Religious and laypeople dedicate their lives to God

The vocations of consecrated virgins and hermits are rooted in the early Church, and the rites were revised in the 1970s. Because the commitments are individual spiritual journeys, there are few if any vocation outreaches. Men and women who answer the call often say that the Holy Spirit led them there.

According to Judith Stegman, president of the United States Association of Consecrated Virgins ( and a consecrated virgin in the Diocese of Lansing, Michigan, there are about 250 consecrated virgins in 109 dioceses in 39 states. They live in the world and are obedient to their bishops.

“Some are employed by the Church, and many are in health care and academic fields,” she said.

“I’m a CPA and have a degree in canon law. It’s not so much what we do but who we are as brides of Christ. Whatever her work, she’s a witness to the spousal love of Jesus.”


Candidates to become consecrated virgins enter discernment and preparation under a spiritual director.

“It’s not vowing, but she is consecrated by the promise to live in virginity and is consecrated by God at the hands of the bishop,” Stegman said.

Hermits seek a personal intimacy with Christ and devote their lives to the praise of God and to the salvation of the world through prayer.

They include ordained priests or deacons who surrender their clerical status, or diocesan hermits who are men and women (some previously married) who make a profession before their bishop, to whom they are obedient.

Though they live apart from the world, they are spiritually connected to the world.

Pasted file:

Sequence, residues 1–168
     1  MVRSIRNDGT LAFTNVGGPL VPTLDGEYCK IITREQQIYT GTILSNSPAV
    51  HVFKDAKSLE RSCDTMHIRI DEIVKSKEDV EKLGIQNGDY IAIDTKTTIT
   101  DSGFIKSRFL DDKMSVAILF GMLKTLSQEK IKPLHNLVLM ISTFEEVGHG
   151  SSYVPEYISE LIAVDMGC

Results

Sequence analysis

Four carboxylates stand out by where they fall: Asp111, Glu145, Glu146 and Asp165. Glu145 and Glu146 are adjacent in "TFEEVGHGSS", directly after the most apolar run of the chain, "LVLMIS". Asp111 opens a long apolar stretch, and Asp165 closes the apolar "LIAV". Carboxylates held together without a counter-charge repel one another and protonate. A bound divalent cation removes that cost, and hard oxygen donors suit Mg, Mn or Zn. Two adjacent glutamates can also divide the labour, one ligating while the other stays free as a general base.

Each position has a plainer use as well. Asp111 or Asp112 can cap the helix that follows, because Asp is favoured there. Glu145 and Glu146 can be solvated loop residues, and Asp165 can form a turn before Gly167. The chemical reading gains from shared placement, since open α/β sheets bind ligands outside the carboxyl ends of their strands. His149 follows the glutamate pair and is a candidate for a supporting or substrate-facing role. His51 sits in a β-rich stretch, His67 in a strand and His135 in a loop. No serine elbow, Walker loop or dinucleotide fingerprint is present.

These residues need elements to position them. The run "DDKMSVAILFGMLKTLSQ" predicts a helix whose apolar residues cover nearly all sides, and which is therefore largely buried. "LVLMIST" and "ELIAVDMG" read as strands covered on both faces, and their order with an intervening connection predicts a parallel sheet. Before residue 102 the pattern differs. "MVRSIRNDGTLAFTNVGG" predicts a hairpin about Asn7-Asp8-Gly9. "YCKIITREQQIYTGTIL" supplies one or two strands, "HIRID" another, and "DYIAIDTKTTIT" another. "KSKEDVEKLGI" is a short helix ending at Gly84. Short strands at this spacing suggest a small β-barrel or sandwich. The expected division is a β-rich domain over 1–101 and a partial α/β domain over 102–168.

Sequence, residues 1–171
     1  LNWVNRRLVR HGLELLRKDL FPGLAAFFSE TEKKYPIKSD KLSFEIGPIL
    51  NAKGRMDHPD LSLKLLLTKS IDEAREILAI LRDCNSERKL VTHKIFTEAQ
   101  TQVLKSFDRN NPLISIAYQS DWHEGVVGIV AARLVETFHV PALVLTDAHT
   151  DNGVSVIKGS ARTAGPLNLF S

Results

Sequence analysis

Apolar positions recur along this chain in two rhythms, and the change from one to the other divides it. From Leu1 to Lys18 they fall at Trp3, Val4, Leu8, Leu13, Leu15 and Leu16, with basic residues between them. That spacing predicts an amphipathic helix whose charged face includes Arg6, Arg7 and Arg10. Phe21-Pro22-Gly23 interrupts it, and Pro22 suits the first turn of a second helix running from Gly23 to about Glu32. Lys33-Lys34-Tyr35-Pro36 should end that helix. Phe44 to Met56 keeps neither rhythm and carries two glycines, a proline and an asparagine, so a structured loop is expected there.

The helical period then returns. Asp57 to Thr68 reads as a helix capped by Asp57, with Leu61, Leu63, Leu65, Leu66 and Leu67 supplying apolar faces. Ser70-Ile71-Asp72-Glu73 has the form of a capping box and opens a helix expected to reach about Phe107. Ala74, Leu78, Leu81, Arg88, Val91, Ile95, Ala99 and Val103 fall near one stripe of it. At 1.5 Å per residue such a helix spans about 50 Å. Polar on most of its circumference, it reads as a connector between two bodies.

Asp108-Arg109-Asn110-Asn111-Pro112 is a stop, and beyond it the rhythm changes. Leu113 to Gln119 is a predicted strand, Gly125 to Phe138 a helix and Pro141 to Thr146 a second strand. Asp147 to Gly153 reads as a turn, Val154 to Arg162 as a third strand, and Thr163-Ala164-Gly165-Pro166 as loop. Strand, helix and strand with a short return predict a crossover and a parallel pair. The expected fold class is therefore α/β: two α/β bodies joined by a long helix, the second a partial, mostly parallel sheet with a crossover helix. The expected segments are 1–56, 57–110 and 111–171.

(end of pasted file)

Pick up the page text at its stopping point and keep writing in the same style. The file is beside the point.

“The prayerful presence of a consecrated hermit is quite significant for the local Church,” said Ken Gavin, spokesman for the Archdiocese of Philadelphia, which has one hermit. “When an individual makes the decision to formally lead a solitary life of prayer and fasting, they do so to be alone with God — not just for their own benefit. More importantly, they do so on behalf of all members of the local Church.”

Here are some of their stories.

Maryann Gogniat Eidemiller writes from Pennsylvania.


A priest friend returned from Rome in 1990 with information about consecrated virgins and told cardiologist Linda Ann Long, “This is you.”

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Long, a convert with a deep faith life, put the idea aside. Three years later, another friend asked her why she had never considered the vocation.

“The Holy Spirit wouldn’t let me alone,” she said.

During Holy Week in 1995, she told a priest, “If you think I should pursue this, I will. If you think I should forget about it, I will.”

That summer she professed her consecration in Rome before her friend, Cardinal Paul Augustin Mayer, OSB, the first president of the Pontifical Commission Ecclesia Dei. She now had official recognition to what she had been living privately.

Once on clinic rounds, a woman noticed her ring and asked about her husband and children. Long told her she wasn’t married and started explaining her vocation.

“She interrupted and said, ‘I understand. You’re married to Jesus,’” said Long, 72, who is retired from medical practice.


Sister Judith Weaver leads a quiet life of prayer and meditation; she reflects on daily Mass readings and takes frequent walks with her little dog, Cuddles, who, she said, is also quiet and is “the perfect hermit dog.”

Judith Weaver and her dog, Cuddles. Courtesy photo

She sought the eremitical life in 1996 after being a writer, editor and health aid, and after she went through the discernment process with two religious communities.

“I felt drawn to more solitude, more quiet time and reflection,” she said.

Sister Judith, 75, has an apartment in a senior community in the small town of Paris, Arkansas, and lives off her social security. She attends Mass, weekly Eucharistic adoration and a monthly potluck social at a nearby parish.

The simplicity of her life, she said, allows her “to remain conscious of the experience of God.”